Today (May 31) began a test program at the intersection of State Street and Jackson Blvd. in Chicago that allowed people to walk diagonally across the intersection during a preset interval.
The changes in this new pedestrian crossing pattern, called the “pedestrian scramble” (or alternately as the “Barnes Dance”) are supposed to make the intersection safer for pedestrians and easier for traffic.
According to a Chicago Tribune article of today, titled “Loop intersection begins test of ‘pedestrian scramble’” :
The test involves stopping all vehicles — heading east on Jackson and north and south on State — for 35 seconds every third traffic light cycle to let pedestrians cross in all directions, including diagonally.
About 3,000 vehicle crashes involving pedestrians, causing several dozen pedestrian deaths, occur in Chicago each year, according to the Illinois Department of Transportation. The city’s pedestrian plan calls for reducing crash-related pedestrian injuries by 50 percent.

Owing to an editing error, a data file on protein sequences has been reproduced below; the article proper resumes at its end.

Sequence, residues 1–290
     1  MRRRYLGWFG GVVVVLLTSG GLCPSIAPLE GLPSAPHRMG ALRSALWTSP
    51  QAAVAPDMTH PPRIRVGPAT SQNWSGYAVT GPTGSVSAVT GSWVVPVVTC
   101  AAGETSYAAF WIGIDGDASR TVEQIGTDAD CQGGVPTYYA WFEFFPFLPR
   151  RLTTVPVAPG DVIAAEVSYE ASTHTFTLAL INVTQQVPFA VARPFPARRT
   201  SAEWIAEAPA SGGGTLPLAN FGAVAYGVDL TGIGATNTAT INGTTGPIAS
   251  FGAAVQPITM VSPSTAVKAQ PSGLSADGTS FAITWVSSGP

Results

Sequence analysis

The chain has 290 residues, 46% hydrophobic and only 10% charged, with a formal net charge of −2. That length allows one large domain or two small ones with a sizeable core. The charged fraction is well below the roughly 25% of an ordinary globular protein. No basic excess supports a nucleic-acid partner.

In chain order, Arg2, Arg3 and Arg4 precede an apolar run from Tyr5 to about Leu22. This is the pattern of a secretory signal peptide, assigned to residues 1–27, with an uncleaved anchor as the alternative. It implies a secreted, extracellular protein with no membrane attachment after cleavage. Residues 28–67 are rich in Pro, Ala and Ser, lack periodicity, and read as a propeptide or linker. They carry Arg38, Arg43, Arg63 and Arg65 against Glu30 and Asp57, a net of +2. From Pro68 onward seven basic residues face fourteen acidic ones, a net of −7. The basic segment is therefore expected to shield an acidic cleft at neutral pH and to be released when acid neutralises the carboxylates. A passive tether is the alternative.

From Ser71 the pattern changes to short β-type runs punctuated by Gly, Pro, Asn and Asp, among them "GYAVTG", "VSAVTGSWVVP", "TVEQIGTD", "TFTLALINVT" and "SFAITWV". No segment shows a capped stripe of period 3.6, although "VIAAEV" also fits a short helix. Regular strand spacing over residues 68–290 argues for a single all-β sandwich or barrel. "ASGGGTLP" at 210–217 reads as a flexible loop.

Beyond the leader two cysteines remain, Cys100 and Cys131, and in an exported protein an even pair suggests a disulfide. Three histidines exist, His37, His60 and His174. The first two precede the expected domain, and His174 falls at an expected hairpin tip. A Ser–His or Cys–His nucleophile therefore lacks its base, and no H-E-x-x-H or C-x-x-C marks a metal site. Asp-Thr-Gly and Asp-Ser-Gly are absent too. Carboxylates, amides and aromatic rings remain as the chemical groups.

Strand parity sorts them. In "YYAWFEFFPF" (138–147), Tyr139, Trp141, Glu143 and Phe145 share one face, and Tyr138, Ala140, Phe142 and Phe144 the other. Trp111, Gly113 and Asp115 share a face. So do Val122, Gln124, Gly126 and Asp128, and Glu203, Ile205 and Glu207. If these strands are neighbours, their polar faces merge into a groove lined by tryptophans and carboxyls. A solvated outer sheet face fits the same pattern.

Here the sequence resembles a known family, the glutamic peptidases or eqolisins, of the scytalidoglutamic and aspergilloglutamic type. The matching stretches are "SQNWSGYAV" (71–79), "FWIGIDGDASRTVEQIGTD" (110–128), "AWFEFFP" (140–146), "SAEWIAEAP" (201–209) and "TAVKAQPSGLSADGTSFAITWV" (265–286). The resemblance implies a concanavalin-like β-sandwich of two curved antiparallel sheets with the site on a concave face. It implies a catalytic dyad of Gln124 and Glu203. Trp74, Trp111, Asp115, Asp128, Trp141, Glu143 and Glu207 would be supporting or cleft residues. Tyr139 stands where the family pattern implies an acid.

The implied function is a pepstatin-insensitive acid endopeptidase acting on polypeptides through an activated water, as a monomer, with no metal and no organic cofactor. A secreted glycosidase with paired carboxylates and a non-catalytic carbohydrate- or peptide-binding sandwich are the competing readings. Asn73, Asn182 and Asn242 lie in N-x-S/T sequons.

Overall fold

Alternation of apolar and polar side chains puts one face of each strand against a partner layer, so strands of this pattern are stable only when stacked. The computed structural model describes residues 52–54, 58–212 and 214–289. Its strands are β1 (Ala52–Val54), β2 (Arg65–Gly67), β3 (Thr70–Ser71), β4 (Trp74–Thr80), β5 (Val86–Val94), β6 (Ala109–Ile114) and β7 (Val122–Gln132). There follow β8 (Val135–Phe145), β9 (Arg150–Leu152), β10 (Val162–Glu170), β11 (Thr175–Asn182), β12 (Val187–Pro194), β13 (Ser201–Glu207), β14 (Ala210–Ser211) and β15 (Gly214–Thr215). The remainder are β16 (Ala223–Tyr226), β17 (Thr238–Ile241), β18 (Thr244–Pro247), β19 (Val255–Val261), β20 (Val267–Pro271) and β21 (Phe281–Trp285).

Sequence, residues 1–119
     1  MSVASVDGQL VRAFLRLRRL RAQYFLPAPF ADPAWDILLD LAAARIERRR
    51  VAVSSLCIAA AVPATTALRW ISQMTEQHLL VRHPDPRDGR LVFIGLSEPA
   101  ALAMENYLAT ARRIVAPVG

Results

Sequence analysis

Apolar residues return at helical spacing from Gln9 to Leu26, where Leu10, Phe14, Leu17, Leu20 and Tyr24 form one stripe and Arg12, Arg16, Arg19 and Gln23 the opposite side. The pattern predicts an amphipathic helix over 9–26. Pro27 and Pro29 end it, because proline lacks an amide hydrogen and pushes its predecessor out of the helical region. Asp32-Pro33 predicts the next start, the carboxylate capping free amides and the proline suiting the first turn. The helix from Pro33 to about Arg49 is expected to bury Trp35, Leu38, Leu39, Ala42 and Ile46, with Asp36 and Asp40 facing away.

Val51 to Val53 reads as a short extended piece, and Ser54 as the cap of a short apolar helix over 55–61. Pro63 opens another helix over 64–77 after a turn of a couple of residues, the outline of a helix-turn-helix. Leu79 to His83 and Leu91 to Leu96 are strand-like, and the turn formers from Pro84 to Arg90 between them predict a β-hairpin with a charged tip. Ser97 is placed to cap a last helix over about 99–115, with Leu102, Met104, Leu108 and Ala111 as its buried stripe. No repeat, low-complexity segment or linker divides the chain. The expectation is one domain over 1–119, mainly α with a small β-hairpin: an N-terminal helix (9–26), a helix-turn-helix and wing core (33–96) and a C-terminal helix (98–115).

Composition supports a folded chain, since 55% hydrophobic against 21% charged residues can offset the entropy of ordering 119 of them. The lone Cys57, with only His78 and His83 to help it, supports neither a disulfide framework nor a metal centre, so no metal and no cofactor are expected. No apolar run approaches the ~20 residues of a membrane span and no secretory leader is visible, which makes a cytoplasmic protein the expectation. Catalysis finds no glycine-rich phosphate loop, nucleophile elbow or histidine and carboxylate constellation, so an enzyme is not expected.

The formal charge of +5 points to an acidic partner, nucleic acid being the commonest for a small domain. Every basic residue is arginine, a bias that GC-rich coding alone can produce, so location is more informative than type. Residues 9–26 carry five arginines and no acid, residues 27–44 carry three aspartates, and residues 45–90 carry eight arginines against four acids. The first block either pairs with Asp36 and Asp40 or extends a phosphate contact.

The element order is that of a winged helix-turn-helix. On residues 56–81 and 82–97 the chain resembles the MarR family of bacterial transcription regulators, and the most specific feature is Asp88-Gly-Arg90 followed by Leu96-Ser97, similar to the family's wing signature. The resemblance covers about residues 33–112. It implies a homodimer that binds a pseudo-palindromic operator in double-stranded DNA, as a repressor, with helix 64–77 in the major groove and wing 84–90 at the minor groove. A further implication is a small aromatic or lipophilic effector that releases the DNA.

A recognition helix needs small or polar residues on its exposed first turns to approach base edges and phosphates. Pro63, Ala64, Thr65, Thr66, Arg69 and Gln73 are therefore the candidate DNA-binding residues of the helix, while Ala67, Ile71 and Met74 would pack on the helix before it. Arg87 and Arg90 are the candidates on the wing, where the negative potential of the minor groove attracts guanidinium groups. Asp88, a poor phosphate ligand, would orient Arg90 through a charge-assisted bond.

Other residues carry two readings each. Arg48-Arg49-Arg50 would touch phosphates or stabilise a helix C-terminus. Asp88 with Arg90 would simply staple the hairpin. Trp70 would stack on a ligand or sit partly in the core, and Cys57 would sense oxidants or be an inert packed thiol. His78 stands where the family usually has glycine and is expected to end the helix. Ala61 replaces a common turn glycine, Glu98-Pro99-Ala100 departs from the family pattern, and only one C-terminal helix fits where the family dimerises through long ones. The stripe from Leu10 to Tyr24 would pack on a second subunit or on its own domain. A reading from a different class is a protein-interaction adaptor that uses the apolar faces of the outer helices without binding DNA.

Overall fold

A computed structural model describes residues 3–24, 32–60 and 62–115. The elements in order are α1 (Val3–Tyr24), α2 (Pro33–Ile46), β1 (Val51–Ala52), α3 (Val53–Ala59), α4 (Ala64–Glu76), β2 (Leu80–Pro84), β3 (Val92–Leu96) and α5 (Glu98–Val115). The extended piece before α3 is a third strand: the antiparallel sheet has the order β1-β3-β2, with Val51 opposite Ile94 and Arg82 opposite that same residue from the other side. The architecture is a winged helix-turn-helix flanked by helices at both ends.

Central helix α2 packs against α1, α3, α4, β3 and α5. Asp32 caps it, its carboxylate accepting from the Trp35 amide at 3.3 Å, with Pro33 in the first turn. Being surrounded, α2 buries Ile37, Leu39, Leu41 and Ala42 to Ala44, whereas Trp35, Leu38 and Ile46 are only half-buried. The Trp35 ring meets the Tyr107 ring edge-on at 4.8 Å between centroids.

According to media sources, this idea of allow pedestrians six ways to cross an intersection is not a new one; however, it is new to the U.S. According to a CBS Chicago article of May 31, titled “Loop Intersection Gets ‘Barnes Dance’ In Effort To Reduce Congestion” :
The pilot program – already proven a success in Denver, Baltimore and New York City – lets pedestrians have the whole intersection for 35 seconds, and then gives drivers their chance.
Additional details and possible updates can be seen in a variety of media sources including the Chicago Tribune and CBS Chicago articles mentioned above.